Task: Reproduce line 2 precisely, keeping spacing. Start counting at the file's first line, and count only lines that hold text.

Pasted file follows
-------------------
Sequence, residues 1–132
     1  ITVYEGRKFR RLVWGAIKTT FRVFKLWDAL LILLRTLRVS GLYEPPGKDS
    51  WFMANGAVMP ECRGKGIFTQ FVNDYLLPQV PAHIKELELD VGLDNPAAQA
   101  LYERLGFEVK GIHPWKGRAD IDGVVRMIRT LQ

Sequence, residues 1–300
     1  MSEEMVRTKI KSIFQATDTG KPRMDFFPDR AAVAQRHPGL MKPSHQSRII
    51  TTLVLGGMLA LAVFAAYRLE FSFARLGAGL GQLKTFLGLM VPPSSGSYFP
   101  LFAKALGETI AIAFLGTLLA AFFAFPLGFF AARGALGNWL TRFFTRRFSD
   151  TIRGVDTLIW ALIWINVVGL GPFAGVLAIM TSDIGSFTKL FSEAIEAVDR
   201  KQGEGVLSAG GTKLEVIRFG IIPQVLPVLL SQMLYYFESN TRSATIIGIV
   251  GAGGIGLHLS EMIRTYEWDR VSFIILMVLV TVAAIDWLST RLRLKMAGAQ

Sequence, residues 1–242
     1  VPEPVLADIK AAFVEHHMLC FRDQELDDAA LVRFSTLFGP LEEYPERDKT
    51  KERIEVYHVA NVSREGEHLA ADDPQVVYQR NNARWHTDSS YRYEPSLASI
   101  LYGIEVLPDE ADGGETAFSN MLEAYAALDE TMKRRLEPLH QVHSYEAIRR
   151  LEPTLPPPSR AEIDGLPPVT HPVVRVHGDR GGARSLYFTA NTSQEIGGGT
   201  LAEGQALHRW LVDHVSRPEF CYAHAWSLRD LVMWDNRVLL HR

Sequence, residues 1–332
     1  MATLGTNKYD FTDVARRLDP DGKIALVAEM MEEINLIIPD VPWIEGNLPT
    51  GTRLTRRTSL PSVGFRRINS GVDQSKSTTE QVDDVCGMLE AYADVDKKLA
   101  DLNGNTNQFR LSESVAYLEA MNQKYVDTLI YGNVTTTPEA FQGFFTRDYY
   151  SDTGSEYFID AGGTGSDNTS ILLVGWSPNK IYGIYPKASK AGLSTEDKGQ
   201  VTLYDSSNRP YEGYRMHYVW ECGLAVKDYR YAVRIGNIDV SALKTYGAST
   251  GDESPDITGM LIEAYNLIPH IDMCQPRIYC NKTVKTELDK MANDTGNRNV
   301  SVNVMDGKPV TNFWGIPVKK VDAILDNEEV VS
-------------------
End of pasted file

     1  ITVYEGRKFR RLVWGAIKTT FRVFKLWDAL LILLRTLRVS GLYEPPGKDS